Whenever you watch a video, post a picture, or send a message, the bytes that make up that item are analyzed and tallied by your internet provider. Once enough of them pile up, you’ve reached your data cap — annoying, right?
But what if some of those data-heavy apps and services just didn’t count towards that cap? That’s what’s called “zero rating,” and while it sounds good in theory, it’s rather problematic in practice. So how does it work, who does it, and why do people think it’s such a big deal?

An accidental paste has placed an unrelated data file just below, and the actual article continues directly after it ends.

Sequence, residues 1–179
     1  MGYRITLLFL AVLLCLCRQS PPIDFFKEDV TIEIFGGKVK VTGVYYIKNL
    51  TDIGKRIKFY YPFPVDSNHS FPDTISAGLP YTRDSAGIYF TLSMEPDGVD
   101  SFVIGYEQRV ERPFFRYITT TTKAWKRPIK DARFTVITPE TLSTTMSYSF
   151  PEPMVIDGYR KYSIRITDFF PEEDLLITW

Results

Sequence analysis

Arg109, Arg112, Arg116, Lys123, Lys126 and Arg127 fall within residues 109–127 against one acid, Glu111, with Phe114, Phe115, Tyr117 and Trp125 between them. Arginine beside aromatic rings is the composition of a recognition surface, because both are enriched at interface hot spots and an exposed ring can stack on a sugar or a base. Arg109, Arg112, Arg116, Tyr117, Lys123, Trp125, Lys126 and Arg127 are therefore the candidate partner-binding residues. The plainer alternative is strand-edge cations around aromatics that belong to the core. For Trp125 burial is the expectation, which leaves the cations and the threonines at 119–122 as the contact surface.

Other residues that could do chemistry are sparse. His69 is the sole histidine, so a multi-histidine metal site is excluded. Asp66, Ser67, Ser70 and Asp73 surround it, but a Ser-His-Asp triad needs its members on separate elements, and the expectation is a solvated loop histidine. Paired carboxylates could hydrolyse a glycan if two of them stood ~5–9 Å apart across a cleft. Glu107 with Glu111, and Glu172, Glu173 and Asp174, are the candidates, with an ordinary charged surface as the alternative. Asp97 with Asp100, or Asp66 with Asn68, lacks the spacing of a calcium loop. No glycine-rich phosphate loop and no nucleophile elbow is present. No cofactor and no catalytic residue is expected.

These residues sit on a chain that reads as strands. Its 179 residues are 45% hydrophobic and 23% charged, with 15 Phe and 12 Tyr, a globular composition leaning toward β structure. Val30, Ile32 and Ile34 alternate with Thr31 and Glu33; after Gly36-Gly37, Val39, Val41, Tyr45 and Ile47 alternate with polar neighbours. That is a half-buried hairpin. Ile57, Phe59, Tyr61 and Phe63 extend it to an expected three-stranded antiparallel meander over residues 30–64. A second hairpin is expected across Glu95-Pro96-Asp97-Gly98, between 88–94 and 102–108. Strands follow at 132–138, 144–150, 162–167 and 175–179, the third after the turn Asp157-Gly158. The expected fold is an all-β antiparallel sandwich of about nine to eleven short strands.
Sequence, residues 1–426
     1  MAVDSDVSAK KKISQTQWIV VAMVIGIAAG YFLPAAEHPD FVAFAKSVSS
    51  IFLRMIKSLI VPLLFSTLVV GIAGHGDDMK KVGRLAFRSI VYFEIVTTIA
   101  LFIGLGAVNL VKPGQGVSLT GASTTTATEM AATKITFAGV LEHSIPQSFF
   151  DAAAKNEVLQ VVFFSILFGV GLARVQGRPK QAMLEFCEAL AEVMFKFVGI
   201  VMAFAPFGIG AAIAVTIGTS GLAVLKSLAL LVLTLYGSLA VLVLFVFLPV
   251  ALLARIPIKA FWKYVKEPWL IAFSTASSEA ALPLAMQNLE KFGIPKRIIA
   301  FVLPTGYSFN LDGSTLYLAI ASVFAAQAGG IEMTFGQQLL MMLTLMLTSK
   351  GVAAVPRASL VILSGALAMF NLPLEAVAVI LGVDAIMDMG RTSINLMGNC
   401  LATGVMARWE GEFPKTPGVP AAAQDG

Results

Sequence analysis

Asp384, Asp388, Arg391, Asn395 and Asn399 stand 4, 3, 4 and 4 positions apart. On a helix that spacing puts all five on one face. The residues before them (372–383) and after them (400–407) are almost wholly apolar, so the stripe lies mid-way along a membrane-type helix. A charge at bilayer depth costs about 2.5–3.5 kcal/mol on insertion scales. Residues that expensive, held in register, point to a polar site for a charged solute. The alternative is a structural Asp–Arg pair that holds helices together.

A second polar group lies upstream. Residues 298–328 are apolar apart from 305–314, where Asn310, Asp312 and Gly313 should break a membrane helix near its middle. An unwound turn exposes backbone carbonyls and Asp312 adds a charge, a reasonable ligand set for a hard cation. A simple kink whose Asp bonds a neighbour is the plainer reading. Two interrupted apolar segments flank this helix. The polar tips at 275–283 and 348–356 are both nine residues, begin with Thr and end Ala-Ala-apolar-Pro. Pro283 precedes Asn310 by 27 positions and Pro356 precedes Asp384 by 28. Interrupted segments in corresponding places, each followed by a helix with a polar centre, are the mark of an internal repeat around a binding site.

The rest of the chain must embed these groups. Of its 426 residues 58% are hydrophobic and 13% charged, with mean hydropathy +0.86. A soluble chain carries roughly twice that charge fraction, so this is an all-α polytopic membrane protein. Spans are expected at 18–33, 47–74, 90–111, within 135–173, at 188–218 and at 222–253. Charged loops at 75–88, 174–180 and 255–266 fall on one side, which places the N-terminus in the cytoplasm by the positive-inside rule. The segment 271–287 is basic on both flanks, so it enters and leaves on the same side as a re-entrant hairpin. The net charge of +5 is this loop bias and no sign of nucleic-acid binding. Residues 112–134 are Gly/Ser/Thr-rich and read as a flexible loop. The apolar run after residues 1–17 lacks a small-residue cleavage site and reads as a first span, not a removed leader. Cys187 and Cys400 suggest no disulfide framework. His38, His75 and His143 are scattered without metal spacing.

Many will first have heard the term zero rating relatively recently, in the form of programs like T-Mobile’s “Binge On,” which exempts certain streaming video and music services from data counts. That way, people don’t blow through their data caps while, say, watching Netflix on the bus to work every day.
On a technical level, zero rating is a pretty simple process. The packets of data that go to and fro on the internet (wireless and…